Cloud vendors tout their service offerings as a way customers can save money. Microsoft positions Office 365 the same, but does it always work out that way? I’ve asked technical decision-makers from many companies both large and small about this matter, and the responses I’ve garnered have been all over the map. What’s most surprising, however, is how several of the companies I talked with have found Office 365 to be more (not less) expensive than amortizing the total cost of ownership (TCO) of on-client deployed Microsoft Office software.
One large enterprise I’ve had some dealings with recently estimates that they spend tens of thousands of dollars per year on their Office 365 subscription. This huge figure represents a combination of three cost centers in their IT operations. First, there is the cost of licensing the Office 365 subscription itself which varies depending on the type of subscription the customer chooses to implement. This cost can be difficult to quantify since it may vary over time as Microsoft decides to introduce new plans, merge plans together, or drop existing plans. While one of the benefits that all cloud services providers tout to their customers is having “predictable expenses” for using their services, the reality, of course, is that nothing seems to stay the same very long in our rapidly changing and evolving cloud-based world.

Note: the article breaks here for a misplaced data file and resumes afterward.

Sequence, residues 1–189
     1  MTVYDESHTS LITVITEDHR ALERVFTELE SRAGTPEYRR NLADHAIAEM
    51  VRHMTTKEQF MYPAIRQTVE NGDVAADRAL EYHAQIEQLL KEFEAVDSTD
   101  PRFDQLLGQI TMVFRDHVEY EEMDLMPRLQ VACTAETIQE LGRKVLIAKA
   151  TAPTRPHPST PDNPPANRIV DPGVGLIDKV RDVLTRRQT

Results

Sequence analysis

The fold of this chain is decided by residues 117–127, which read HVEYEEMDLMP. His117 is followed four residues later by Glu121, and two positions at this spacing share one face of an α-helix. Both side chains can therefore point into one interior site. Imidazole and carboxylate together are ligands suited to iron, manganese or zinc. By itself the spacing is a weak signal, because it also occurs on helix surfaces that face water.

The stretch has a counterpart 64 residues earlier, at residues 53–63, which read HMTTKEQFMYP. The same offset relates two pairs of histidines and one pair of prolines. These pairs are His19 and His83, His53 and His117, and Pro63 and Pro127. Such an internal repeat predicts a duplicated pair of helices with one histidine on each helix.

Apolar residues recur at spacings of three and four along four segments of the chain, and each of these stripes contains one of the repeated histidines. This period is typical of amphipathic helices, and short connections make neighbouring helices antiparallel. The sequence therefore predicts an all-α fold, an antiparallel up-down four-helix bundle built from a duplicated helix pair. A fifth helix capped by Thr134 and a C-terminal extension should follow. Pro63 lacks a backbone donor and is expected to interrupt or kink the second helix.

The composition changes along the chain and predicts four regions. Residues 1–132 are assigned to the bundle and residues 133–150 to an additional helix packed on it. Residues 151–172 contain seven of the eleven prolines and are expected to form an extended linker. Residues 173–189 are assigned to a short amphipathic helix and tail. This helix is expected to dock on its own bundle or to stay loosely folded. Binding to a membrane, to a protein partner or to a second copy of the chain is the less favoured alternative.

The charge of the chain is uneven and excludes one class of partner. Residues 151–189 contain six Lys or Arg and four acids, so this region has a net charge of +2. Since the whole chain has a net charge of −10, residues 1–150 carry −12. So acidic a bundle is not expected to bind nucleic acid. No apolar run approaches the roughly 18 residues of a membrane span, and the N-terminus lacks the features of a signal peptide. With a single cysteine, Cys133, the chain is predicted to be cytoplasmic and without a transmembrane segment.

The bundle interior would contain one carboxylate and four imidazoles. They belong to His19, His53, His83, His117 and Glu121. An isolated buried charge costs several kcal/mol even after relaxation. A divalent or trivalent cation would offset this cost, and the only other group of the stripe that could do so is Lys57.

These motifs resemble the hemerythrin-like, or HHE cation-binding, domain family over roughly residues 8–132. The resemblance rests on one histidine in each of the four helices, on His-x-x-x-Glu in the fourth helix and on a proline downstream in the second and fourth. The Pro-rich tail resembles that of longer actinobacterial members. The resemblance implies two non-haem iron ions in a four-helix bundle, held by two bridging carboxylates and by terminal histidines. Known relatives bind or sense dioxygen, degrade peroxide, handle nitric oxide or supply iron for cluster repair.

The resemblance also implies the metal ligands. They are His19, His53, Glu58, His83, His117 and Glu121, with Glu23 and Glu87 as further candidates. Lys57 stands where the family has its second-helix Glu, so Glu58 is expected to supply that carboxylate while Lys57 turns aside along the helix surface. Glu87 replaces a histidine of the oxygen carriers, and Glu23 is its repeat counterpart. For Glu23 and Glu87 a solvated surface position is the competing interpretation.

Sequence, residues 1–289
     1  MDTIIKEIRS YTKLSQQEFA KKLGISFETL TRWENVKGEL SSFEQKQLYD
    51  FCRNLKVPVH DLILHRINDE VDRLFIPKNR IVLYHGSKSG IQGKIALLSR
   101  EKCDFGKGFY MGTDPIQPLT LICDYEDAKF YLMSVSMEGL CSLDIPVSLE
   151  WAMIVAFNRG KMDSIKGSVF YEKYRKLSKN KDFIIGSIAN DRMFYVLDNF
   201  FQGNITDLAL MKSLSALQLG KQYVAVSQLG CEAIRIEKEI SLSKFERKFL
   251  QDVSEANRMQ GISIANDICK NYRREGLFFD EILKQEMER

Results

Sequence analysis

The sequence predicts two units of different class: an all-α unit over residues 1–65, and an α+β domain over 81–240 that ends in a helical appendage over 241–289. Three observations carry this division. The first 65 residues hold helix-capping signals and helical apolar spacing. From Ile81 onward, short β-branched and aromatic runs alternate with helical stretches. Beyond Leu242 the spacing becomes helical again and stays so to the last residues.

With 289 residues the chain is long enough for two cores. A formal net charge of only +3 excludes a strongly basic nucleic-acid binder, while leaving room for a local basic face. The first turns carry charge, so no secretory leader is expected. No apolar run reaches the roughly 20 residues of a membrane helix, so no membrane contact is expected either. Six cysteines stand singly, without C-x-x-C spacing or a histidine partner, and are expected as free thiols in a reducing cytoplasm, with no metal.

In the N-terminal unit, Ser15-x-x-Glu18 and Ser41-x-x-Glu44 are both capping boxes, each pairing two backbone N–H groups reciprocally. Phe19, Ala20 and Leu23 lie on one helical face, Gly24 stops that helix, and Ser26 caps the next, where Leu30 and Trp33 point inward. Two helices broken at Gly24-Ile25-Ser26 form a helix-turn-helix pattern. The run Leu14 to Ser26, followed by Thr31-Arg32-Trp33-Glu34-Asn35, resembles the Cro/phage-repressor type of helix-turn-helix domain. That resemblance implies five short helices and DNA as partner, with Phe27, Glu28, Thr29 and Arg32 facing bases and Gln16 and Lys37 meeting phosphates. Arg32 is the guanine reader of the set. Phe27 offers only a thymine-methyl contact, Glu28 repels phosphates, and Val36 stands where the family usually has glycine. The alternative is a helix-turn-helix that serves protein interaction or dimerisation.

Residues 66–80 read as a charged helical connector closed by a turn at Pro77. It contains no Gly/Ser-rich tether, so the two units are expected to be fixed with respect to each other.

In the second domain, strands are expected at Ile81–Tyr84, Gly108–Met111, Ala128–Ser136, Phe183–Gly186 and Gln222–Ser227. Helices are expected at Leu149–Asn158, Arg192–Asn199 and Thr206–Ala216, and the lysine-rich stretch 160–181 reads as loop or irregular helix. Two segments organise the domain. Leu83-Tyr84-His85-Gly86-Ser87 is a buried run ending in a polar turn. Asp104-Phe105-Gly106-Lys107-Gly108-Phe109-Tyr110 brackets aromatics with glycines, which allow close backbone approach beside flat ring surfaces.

Don’t forget about bandwidth
The second cost area beside licensing is of course bandwidth. Any cloud service you use is only as good as the bandwidth pipe that connects you to your provider’s services, and we all know that Internet connectivity costs also tend to fluctuate over time as Internet service providers merge, acquire, or become acquired by other providers. From the point of view of companies selling cloud services, Internet bandwidth is cheap and ubiquitous. This is a fantasy of course, as anyone who has tried to negotiate provider contracts for a large enterprise.